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SETTLEMENT AGREEMENTS IN NEW JERSEY
PUBLIC POLICY SUPPORTS SETTLEMENT
Settlement of disputes, including matrimonial disputes, is encouraged and highly valued in our system. [Konzelman v. Konzelman, 158 N.J. 185, 193 (1999).]
Indeed, there is a “strong public policy favoring stability of arrangements in matrimonial matters.” [Konzelman v. Konzelman, 158 N.J. 185, 193 (1999).]
ARE SETTLEMENT AGREEMENTS ENFORCEABLE?
Yes, settlement agreements are enforceable in the State of New Jersey. To request enforcement you should file a motion. To learn more about how to file a motion, please read here: [MNJD Guide to Motions.]
Courts have observed that it is “shortsighted and unwise for courts to reject out of hand consensual solutions to vexatious personal matrimonial problems that have been advanced by the parties themselves.” [Konzelman v. Konzelman, 158 N.J. 185, 193 (1999).]
Therefore, “fair and definitive arrangements arrived at by mutual consent should not be unnecessarily or lightly disturbed.” [Konzelman v. Konzelman, 158 N.J. 185, 193-94 (1999).]
In fact, it is only in certain circumstances that an agreement will be set aside. The movant must demonstrate “fraud or other compelling circumstances” by “clear and convincing proof.” [Nolan v. Lee Ho, 120 N.J. 465, 472 (1990).]
“If a settlement agreement is achieved through coercion, deception, fraud, undue pressure, or unseemly conduct, or if one party was not competent to voluntarily consent thereto, the settlement agreement must be set aside.” [Peskin v. Peskin, 271 N.J. Super. 261, 276 (App. Div. 1994).]
“Matrimonial agreements may also be reformed when, through a common mistake, or mistake of one party accompanied by concealment of the other, the agreement fails to express the real intent of the parties.” [Miller v. Miller, 160 N.J. 408, 419 (1999)).]
Absent such circumstances, the parties’ settlement agreement is enforceable in equity insofar as it is fair. “Our courts will enforce an agreement between spouses relating to alimony, child support and the distribution of marital assets only if it is fair, just and reasonable.” [Segal v. Segal, 278 N.J. Super. 218, 222 (App. Div. 1994).]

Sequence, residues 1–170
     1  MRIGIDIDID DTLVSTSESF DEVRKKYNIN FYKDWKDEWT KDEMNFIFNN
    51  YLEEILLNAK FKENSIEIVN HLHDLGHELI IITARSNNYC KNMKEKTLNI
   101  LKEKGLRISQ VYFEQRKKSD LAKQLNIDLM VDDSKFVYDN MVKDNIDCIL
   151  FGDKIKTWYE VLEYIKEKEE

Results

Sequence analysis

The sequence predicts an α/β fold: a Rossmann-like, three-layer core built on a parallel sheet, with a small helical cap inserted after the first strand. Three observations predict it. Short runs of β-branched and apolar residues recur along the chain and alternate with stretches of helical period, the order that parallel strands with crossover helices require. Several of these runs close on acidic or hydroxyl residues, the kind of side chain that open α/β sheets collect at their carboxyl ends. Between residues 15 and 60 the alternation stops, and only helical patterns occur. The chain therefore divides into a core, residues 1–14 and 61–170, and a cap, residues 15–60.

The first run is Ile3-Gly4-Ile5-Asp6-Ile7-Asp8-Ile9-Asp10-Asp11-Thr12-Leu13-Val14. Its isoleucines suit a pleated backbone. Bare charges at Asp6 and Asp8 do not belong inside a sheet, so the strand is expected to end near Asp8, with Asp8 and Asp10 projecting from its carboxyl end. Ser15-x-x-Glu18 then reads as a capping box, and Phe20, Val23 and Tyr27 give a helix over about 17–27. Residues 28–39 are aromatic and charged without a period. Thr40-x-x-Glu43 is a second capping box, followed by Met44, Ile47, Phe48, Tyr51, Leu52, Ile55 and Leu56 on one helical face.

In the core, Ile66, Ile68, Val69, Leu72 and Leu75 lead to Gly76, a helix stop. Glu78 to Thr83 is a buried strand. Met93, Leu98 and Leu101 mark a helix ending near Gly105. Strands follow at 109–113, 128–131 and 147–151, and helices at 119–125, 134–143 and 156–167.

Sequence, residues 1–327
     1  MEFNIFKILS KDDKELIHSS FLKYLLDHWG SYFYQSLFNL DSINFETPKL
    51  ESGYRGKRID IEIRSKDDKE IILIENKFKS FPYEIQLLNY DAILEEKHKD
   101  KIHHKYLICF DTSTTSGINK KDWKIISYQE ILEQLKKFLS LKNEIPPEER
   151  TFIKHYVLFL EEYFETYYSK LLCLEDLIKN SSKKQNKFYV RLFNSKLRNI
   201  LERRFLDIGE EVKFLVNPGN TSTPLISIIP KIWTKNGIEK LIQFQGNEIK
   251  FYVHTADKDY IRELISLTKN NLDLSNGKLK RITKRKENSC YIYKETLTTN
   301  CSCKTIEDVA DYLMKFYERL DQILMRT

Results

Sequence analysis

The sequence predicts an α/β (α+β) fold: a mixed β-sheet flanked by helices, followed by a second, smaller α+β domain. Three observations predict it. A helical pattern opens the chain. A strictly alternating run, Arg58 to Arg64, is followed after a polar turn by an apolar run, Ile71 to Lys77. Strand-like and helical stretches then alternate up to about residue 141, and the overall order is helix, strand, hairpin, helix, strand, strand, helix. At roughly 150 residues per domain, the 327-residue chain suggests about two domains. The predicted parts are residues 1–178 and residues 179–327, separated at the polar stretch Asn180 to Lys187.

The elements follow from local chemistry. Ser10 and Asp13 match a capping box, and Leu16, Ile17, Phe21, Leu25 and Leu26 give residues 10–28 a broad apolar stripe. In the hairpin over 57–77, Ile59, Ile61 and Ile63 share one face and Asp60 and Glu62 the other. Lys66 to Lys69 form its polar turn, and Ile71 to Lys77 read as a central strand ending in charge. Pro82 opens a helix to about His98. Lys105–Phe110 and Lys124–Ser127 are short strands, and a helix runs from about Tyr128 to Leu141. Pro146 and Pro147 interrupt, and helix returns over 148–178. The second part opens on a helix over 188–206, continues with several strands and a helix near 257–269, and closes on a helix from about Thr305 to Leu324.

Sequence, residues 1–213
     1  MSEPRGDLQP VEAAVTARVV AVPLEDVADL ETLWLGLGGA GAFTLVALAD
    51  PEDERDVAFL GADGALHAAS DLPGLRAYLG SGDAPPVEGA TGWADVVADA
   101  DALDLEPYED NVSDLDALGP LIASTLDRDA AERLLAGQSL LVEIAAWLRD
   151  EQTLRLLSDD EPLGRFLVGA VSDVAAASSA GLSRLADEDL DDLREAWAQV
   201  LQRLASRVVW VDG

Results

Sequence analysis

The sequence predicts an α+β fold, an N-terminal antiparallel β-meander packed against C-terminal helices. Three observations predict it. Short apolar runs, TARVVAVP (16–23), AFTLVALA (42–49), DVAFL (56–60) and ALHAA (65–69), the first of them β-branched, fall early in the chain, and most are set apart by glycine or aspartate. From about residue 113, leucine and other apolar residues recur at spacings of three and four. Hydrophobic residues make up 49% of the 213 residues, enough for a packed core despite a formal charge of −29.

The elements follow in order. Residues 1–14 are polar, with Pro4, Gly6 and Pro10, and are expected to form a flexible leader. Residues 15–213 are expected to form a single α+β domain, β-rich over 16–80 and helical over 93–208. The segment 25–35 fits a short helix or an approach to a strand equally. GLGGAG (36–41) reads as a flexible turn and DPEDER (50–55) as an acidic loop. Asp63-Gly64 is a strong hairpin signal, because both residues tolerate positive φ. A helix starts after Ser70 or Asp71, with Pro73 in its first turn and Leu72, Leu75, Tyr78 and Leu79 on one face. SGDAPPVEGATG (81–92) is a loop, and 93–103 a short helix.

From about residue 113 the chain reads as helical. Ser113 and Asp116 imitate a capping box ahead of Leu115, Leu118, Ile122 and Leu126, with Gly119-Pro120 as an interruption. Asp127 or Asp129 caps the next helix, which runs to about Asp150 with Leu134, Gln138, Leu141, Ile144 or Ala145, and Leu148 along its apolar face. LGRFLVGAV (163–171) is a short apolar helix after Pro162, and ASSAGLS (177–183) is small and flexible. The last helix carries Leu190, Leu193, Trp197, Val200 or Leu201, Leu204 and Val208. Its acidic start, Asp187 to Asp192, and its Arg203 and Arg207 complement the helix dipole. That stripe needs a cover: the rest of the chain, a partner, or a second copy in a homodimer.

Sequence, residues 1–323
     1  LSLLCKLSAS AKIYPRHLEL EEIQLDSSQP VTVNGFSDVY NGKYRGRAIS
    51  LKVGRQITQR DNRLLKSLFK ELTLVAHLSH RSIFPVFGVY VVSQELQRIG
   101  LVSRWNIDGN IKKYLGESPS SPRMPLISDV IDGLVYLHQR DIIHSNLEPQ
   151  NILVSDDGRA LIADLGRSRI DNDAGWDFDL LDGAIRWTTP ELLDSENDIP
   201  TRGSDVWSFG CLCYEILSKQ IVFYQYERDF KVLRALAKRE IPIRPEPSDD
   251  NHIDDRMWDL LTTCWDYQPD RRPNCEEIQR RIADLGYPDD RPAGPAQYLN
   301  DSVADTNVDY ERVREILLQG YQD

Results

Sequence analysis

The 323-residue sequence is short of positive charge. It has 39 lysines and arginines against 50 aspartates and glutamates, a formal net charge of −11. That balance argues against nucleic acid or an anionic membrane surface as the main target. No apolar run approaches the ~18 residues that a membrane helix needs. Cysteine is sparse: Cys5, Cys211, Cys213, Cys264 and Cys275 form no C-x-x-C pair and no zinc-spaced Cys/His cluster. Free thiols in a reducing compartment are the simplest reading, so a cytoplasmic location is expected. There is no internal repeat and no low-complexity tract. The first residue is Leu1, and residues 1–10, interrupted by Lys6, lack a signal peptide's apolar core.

“[I]t is clear that marital separation agreements are enforceable in this state insofar as “they are just and equitable.” [Faherty v. Faherty, 97 N.J. 99, 105 (1984).]
HOW WILL THE COURT INTERPRET OUR SETTLEMENT AGREEMENT?
An agreement that resolves a matrimonial dispute is no less a contract than an agreement to resolve a business dispute. [Sachau v. Sachau, 206 N.J. 1, 5 (2011).]
A settlement agreement is governed by basic contract principles. [J.B. v. W.B., 215 N.J. 305, 326 (2013).]
Among those principles are that courts should discern and implement the intentions of the parties. [Pacifico v. Pacifico, 190 N.J. 258, 266 (2007).]
It is not the function of the court to rewrite or revise an agreement when the intent of the parties is clear. [J.B. v. W.B., 215 N.J. 305, 326 (2013).]
A court should not rewrite a contract or grant a better deal than that for which the parties expressly bargained. [Solondz v. Kornmehl, 317 N.J.Super. 16, 21-22 (App.Div.1998).]
Stated differently, the parties cannot expect a court to present to them a contract better than or different from the agreement they struck between themselves. [Kampf v. Franklin Life Ins. Co., 33 N.J. 36, 43 (1960).]
Thus, when the intent of the parties is plain and the language is clear and unambiguous, a court must enforce the agreement as written, unless doing so would lead to an absurd result. “A court’s role is to consider what is written in the context of the circumstances at the time of drafting and to apply a rational meaning in keeping with the expressed general purpose.” [Sachau v. Sachau, 206 N.J. 1, 5-6, 17 A.3d 793 (2011).]
However, “the law grants particular leniency to agreements made in the domestic arena” and vests “judges greater discretion when interpreting such agreements.” [Pacifico v. Pacifico, 190 N.J. 258, 266 (2007).]
“This leniency is derived from the terms of the marital agreement and the nature of some post-judgment issues, such as custody of children and financial support for the family, that may require modification of the marital agreement over the years as events occur that were never contemplated by the parties.” [Quinn v. Quinn, 225 N.J. 34, 46 (2016).]
Nevertheless, the court must discern and implement “the common intention of the parties[,]” [Tessmar v. Grosner, 23 N.J. 193, 201 (1957),] and “enforce [the mutual agreement] as written[,]” [Kampf v. Franklin Life Ins. Co., 33 N.J. 36, 43 (1960).]
To the extent that there is any ambiguity in the expression of the terms of a settlement agreement, a hearing may be necessary to discern the intent of the parties at the time the agreement was entered and to implement that intent. [Pacifico v. Pacifico, 190 N.J. 258, 267 (2007).]
Andrew M. Shaw is the author of My New Jersey Divorce and a divorce and family attorney with the DeTommaso Law Group in Somerville, New Jersey. CLICK HERE to schedule a consultation.
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ASSOCIATIONS & MEMBERSHIPS:
- New Jersey State Bar Association – Family Law Section
- New Jersey State Bar Association – Young Lawyers Division
- Somerset County Family Law Practice Committee
- MENSA International
- New Jersey State Bar
- U.S. District Court for the District of New Jersey